Engine block manufacturing process


Engine block manufacturing process

Introduction

Cylinder block which is also called as engine block is the main structure of the engine which give the space for the cylinders, and it also give passages for the coolant, exhaust, and in take gases to pass over the engine and host for the crankcase and cam shafts. Engine block is the main housing of hundreds of parts found in modern engines. And it is the largest among the engine parts and it also constitute 20% to 25% of the total weight of the engine. The first successful internal combustion engine which can be used in an automobile was built by Siegfrid Marcus in about 1864. It was a upright single cylinder, two stroke petrol engine.
Today's engines has come to their maximum development and still being developed for the next years too. These developments have caused to increase the power, durability, resistance to wear, and efficient of the engine. Material used to build the engine block has being given the engine a higher strength with low weight which is more important for the power of the engine. For many years the engine block has being manufactured using cast iron alloys, it is due to its strength and low cost and its wear resistance. But as the engine become more complicated engineers found new materials to reduce its weight as well as to increase strength and wear resistance. A common alloy which is widely used is aluminum alloy, it is more popular due to its low weight but mostly within petrol engines.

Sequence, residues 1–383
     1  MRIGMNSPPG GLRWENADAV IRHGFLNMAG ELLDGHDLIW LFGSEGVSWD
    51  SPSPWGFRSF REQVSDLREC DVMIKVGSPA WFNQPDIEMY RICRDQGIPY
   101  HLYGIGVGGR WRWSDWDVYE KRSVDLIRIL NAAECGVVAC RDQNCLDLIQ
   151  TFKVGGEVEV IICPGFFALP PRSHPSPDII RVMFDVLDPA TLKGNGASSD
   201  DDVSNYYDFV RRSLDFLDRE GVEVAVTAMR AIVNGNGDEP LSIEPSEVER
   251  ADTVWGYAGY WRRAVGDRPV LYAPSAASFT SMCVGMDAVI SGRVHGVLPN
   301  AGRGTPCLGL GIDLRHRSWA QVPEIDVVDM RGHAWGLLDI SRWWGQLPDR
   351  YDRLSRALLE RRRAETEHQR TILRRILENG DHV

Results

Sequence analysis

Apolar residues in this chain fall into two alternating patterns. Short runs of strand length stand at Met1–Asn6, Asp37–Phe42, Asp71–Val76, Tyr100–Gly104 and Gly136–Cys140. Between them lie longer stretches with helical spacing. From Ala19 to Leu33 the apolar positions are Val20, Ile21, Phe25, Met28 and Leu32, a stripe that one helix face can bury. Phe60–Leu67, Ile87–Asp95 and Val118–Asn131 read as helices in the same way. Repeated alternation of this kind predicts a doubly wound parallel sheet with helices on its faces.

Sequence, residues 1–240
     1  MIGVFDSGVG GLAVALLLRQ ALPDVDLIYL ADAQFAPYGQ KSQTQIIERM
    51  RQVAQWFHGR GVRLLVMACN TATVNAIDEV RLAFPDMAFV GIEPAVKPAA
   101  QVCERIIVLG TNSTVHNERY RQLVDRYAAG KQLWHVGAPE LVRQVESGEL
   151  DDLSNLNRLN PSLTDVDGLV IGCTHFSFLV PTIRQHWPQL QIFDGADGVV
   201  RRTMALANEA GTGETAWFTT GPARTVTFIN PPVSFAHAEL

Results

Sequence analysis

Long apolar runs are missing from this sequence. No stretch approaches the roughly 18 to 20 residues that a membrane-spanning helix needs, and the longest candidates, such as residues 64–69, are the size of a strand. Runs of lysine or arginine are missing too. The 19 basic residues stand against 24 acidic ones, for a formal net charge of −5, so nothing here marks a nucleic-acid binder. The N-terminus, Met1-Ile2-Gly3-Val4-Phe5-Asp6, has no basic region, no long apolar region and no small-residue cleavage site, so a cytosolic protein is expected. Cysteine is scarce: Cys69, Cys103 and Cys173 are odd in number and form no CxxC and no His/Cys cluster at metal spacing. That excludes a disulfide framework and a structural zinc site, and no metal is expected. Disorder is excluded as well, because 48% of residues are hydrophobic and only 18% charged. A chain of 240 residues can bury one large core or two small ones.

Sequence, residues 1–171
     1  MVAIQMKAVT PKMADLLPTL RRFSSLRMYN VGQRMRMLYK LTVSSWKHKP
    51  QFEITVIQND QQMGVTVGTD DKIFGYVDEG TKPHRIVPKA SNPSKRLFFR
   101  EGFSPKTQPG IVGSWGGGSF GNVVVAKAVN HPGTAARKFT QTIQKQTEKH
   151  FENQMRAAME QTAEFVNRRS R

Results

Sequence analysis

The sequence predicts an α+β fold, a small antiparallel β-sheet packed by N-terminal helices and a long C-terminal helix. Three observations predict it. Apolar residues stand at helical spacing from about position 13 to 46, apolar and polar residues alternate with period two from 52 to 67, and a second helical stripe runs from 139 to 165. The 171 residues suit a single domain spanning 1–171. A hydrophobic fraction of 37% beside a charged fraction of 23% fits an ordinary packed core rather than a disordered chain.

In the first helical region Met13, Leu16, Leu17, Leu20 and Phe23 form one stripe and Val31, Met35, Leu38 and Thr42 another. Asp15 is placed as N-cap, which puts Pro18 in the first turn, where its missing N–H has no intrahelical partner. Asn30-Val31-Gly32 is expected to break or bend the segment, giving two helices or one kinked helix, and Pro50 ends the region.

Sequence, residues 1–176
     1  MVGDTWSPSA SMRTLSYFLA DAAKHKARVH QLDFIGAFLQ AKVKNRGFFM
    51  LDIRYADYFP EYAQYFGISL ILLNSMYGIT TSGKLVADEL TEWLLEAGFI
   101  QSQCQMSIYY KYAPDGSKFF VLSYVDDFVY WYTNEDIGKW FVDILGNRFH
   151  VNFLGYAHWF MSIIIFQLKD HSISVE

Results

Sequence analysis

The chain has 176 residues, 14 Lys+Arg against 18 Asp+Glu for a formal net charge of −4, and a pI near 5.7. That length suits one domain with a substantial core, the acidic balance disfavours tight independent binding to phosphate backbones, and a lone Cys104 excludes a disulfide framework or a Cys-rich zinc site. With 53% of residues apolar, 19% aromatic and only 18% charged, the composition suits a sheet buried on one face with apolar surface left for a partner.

Fig01: Finished engine block





Functional requirements of an engine block

As the engine block is the main housing of the engine it has to include number of requirements. These requirements include the wear resistance, long lasting, maintenance, and withstand the pressure created when combustion take place. It also has to withstand high temperature, vibration when the engine is in the running conditions. For many of the requirements the main feature is its material used.
Material used in engine block casting
In order to meet the above functional requirements the material used for manufacturing the product should contain many properties. They are, the material should contain high strength, modulus of elasticity, wear resistance, ability to withstand vibrations, and corrosion resistance. High strength is mostly concerned in diesel engines because of their high compression ratios compared with petrol engines. In diesel engine its compression ratios are normally 17:1 or greater, but in petrol engine it is nearly 10:1. The material also should have low density to reduce its weight but with higher strength. It should also have a low thermal expansion under high operating temperatures and also a good thermal conductivity to give out the heat in minimum time. When it come to the manufacturing process the material should have good machinability and castability to reduce the time and cost consumed. As if the material is too hard the time and cost for manufacturing increases. When the engine is in running conditions it generates a higher vibration due to the motions in the internal parts like crank shaft and pistons, therefore the material has to be able to absorb the vibration energy with out fracturing.